Skip to main content

disk pack

disk pack One form of exchangeable disk store, now obsolete, that consisted of an assembly of identical 14 diameter rigid magnetic disks mounted coaxially and equally spaced. A similar nonrecording protective disk was fitted above the top recording disk with another one below the bottom recording disk. The whole assembly was rigidly clamped together, and was designed for dynamic stability at high rotation on a disk drive. The whole pack, when not mounted on the drive, was contained within sealed plastic covers, in two parts, which helped to ensure that the pack was protected from damage, dust, and contamination. The bottom cover was removed before mounting the pack on the drive; the top cover could only be removed when the pack had been mounted.

Storage capacities ranged from 30 to 300 megabytes, over the range of track densities up to 400 tracks per inch, recording densities up to 6000 bits per inch, and pack sizes of 5 to 12 disks. Disk packs were introduced by IBM in 1963, and most types are subjects of international standards.

Cite this article
Pick a style below, and copy the text for your bibliography.

  • MLA
  • Chicago
  • APA

"disk pack." A Dictionary of Computing. . Encyclopedia.com. 21 Oct. 2018 <http://www.encyclopedia.com>.

"disk pack." A Dictionary of Computing. . Encyclopedia.com. (October 21, 2018). http://www.encyclopedia.com/computing/dictionaries-thesauruses-pictures-and-press-releases/disk-pack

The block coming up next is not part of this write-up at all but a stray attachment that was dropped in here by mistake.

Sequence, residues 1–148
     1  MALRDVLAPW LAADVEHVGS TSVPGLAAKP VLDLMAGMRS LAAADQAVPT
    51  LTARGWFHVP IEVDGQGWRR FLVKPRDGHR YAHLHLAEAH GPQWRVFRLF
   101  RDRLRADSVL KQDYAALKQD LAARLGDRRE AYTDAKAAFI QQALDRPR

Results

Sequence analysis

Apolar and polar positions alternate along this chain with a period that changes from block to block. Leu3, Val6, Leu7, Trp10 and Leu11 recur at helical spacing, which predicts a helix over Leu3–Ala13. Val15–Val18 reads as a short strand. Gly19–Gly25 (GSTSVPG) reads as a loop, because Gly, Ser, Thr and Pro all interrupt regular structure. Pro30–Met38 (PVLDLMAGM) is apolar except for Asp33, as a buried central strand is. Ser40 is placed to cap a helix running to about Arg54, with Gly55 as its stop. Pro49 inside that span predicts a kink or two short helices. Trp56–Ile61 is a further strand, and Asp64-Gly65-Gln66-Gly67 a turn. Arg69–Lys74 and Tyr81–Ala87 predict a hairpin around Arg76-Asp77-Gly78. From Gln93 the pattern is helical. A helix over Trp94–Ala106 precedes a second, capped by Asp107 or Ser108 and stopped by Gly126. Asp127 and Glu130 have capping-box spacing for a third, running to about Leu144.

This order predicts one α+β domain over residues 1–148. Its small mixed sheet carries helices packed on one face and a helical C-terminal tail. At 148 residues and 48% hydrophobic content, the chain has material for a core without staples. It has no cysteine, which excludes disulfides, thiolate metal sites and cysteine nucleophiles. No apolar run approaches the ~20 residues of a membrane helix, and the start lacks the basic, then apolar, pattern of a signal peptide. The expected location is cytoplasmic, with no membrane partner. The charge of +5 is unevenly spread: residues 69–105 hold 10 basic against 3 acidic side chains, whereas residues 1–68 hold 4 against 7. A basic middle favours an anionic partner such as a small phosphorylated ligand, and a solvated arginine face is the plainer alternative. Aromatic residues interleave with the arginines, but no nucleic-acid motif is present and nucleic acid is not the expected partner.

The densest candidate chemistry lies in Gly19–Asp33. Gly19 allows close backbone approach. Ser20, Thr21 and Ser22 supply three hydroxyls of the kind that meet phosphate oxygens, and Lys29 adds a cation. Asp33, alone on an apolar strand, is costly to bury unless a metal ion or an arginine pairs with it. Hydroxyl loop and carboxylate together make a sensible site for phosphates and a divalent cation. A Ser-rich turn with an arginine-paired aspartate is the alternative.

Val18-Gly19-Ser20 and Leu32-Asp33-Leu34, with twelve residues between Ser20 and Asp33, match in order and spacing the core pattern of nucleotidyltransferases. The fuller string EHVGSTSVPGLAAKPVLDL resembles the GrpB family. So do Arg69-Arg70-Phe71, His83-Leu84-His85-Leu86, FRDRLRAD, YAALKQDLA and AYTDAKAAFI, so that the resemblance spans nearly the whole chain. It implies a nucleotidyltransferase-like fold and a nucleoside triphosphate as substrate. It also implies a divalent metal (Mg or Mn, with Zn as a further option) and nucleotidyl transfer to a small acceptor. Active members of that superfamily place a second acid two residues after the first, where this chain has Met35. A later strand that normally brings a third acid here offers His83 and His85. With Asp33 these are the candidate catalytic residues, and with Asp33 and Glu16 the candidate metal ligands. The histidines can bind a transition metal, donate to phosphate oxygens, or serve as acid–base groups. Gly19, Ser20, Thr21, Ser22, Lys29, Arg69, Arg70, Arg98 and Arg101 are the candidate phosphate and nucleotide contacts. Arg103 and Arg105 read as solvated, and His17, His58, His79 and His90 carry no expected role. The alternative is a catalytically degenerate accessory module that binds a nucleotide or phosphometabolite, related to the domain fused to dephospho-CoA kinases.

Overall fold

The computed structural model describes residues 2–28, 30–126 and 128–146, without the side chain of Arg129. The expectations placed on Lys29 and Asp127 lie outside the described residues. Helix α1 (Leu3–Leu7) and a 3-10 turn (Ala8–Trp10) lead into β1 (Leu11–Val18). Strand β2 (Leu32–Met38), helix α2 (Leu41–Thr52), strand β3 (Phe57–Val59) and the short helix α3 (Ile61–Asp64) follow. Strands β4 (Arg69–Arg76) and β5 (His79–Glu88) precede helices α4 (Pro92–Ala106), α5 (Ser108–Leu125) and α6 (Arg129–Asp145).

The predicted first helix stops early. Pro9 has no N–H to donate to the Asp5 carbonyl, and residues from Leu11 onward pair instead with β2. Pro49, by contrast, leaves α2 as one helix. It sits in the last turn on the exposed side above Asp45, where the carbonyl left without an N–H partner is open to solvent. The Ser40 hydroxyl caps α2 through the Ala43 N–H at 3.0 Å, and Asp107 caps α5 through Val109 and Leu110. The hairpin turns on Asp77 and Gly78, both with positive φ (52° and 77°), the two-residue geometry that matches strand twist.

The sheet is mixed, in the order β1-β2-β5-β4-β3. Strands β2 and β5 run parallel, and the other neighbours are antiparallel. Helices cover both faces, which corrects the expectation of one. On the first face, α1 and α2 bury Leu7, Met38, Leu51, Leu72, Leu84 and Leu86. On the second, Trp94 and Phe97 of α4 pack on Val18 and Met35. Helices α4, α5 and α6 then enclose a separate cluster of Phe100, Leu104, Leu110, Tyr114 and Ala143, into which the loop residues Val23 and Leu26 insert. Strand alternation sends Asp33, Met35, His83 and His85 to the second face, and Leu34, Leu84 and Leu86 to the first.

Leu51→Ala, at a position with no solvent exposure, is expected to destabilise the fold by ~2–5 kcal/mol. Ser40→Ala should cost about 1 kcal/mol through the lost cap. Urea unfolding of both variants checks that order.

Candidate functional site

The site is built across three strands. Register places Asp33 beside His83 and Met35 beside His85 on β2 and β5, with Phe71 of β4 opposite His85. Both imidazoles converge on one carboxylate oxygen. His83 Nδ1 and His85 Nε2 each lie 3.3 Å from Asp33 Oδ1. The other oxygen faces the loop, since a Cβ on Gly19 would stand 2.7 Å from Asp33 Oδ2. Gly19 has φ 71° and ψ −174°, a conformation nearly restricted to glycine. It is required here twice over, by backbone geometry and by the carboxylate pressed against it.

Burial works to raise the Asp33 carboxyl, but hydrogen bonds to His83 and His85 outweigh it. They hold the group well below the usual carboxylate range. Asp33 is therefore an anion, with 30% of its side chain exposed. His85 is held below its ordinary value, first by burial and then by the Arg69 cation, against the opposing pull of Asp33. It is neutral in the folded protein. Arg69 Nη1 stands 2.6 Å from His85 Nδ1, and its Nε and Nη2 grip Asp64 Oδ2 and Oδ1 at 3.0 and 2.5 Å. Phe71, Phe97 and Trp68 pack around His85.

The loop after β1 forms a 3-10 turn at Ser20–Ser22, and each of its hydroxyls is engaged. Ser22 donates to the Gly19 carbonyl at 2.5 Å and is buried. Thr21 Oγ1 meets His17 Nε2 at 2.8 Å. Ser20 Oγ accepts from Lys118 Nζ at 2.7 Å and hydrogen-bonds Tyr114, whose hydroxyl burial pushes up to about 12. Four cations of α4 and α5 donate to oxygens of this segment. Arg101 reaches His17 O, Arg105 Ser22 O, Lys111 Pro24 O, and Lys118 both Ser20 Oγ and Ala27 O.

"disk pack." A Dictionary of Computing. . Retrieved October 21, 2018 from Encyclopedia.com: http://www.encyclopedia.com/computing/dictionaries-thesauruses-pictures-and-press-releases/disk-pack

Learn more about citation styles

Citation styles

Encyclopedia.com gives you the ability to cite reference entries and articles according to common styles from the Modern Language Association (MLA), The Chicago Manual of Style, and the American Psychological Association (APA).

Within the “Cite this article” tool, pick a style to see how all available information looks when formatted according to that style. Then, copy and paste the text into your bibliography or works cited list.

Because each style has its own formatting nuances that evolve over time and not all information is available for every reference entry or article, Encyclopedia.com cannot guarantee each citation it generates. Therefore, it’s best to use Encyclopedia.com citations as a starting point before checking the style against your school or publication’s requirements and the most-recent information available at these sites:

Modern Language Association

http://www.mla.org/style

The Chicago Manual of Style

http://www.chicagomanualofstyle.org/tools_citationguide.html

American Psychological Association

http://apastyle.apa.org/

Notes:
  • Most online reference entries and articles do not have page numbers. Therefore, that information is unavailable for most Encyclopedia.com content. However, the date of retrieval is often important. Refer to each style’s convention regarding the best way to format page numbers and retrieval dates.
  • In addition to the MLA, Chicago, and APA styles, your school, university, publication, or institution may have its own requirements for citations. Therefore, be sure to refer to those guidelines when editing your bibliography or works cited list.